There is absolutely no question, at any rate, that in the light of the approaching upheavals the Bolshevik-Leninists stand for preserving and maintaining the gains of the October Revolution, i.e., above all, the elements of the proletarian dictatorship and the leading role of the party. In this fundamental sense we remain on the road of reform. This means, in particular, that we have to do everything possible to see to it that, in the event of civil war, the revolutionary proletarian nucleus of the communist movement starts out from legal positions, that is, fights under the official flag to defend the surviving elements of the October Revolution within the existing system, as against those who wish to make a frontal assault on the system as a whole, or who wish, at first, to attack "only" the elements of October in the Soviet system. That is what the line of reform comes down to, in this present period of preparation for crisis.

It is useful to illustrate this idea by taking up a particular question. Several months ago comrades wrote us that C. G. Rakovsky had come out in favor of a coalition central committee, i.e., one composed of the right, center, and left. Since the right wing is still in the Central Committee, what this would actually mean is the inclusion of the left. Of course there can be no question of the Stalinists agreeing to such a combination any earlier than the last twenty-four hours before the onset of the crisis. Even today they are continuing their crude and fanatical campaign against the left on an international scale. The proletarian nucleus of the party senses the approaching danger and is looking for a way out. It will seek that way — it cannot help but do so — along the road of reform. This nucleus cannot set itself the task of handing leadership and power over to the Left Opposition: it does not have that kind of confidence in the Opposition and, even if it did, such a radical change in leadership would look more like a palace coup than a reform of the party to the party masses. The slogan of a coalition central committee is much more suitable as a slogan that, on the eve of crisis or in its midst, could become the slogan of broad layers of the party.

Can there be any objections in principle, on our part, to such a slogan? We do not see any. We have always said, and it was not just an empty phrase, that we remained at the disposal of the party. We did not leave the Central Committee of our own free will. We were expelled because we refused to renounce either our ideas or our right to defend them. The slogan of a coalition central committee presupposes of course that we remain true to the Opposition platform and ready to fight for it on party grounds and with party methods. We cannot approach the problem in any other way.

It may be that a wide layer of opinion in the party would pick up the idea of a three-way coalition at a certain stage, viewing it as the only means of saving the party from a complete collapse, with the danger of its being buried for good. It is quite obvious, too, that Bukharin types in the right wing have as much reason as we to fear the faction of emboldened toadies, even though it was the Bukharinists and Stalinists themselves who originally nursed this crowd along with their intellectual pablum. The party today has become so stagnant, atomized, repressed, and above all, disoriented that the first stages of its reawakening will take place under the most elementary slogans. "Let Stalin, Molotov, Bukharin, Rykov, Rakovsky, and Trotsky unite, if only to clean the riffraff out of the party and state apparatus." No matter how primitive this idea is, it could play a serious role if it spread among wide-enough layers of the party in time, and first of all, of course, among the proletarian core of the party. We would enter such a coalition — if such a thing proved realizable in the first place — only in the name of much broader aims. We are not renouncing anything. On the contrary, it would be up to others to renounce something (many things, in fact). But the question now is not how this slogan is to be realized in practice (or not realized, which is more likely). What is important now is that, by being put forward in a timely way, this slogan could bring the masses of the party out of their stupor and bring the Left Opposition out of its present isolation, which constitutes the main danger in the entire situation.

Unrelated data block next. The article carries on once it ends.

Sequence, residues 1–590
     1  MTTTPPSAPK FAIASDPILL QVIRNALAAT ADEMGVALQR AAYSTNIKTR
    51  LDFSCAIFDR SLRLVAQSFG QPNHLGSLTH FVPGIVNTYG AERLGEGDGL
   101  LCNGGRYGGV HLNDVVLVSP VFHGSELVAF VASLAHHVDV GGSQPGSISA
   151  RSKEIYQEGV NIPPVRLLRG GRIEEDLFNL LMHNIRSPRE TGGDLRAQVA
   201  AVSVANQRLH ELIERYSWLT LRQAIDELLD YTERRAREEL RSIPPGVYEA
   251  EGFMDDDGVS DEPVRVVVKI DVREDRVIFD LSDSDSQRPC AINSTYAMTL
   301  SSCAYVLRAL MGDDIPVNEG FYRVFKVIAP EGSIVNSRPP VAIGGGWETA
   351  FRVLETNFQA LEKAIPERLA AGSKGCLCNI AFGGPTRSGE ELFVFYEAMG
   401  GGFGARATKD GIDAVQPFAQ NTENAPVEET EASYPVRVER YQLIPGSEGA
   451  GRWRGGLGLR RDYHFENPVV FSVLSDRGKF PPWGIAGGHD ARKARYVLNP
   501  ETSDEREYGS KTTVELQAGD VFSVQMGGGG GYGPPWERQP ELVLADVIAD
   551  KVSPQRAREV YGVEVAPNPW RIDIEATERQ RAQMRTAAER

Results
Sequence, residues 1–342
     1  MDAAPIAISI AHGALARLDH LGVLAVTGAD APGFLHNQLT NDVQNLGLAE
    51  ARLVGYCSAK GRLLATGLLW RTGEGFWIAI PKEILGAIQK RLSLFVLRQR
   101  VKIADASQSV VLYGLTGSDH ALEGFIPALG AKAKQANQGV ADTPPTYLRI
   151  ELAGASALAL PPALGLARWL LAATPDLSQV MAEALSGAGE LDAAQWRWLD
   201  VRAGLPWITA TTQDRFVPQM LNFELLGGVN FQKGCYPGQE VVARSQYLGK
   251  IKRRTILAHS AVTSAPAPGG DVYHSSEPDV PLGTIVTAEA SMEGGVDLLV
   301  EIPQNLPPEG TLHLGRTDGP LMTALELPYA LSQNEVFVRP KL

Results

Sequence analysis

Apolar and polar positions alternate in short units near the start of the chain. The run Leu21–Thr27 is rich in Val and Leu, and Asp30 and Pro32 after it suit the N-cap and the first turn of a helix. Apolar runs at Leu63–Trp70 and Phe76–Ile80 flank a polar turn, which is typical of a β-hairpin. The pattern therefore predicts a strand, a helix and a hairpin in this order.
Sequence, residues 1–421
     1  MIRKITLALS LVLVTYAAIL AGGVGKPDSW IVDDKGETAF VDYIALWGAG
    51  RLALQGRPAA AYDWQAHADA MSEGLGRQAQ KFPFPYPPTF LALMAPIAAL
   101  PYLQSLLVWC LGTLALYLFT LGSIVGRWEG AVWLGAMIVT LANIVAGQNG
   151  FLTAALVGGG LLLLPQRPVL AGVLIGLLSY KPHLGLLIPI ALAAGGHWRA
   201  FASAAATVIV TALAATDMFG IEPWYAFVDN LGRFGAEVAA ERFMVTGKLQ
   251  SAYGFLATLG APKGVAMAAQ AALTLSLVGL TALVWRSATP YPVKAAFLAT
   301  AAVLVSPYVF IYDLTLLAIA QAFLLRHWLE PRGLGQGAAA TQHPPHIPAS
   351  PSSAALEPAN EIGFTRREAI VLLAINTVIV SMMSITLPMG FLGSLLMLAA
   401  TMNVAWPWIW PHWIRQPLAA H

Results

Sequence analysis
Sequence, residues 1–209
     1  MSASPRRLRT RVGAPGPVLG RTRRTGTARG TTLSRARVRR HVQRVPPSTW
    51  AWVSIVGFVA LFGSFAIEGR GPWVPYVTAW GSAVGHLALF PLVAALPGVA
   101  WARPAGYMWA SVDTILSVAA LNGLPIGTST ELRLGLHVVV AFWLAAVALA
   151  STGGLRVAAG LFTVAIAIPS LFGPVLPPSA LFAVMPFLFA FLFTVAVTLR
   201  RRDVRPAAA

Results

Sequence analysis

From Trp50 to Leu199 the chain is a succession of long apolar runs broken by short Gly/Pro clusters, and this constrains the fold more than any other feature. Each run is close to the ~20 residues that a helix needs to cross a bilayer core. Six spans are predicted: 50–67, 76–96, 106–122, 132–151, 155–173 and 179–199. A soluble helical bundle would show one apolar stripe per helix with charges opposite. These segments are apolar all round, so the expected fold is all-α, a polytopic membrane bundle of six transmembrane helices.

In conclusion it remains to be said that the raising of this or that demand, including such a partial and auxiliary demand as the one for a coalition central committee, presupposes a capacity for regular work on the part of the Opposition, and under present conditions that requires organization. That is a question that must be posed in all urgency. No matter how great the difficulties, they have to be overcome. The inertia of defeat is still making itself felt today. But the opportunities are unquestionably bigger and broader than they seem to many. It is necessary to set to work with a will.

1 There is a pun in the original. Instead of the word rossiiskii, meaning "of the Russian empire," Trotsky uses rasseiskii, mocking the way a half-educated but zealous chauvinist might pronounce the glorious imperial adjective. At the same time, it is a pun on the root rassei-, meaning "to disperse, scatter, or sweep (someone or something) away," as a Bonapartist regime would do to opponents, troublesome crowds, etc. — Translator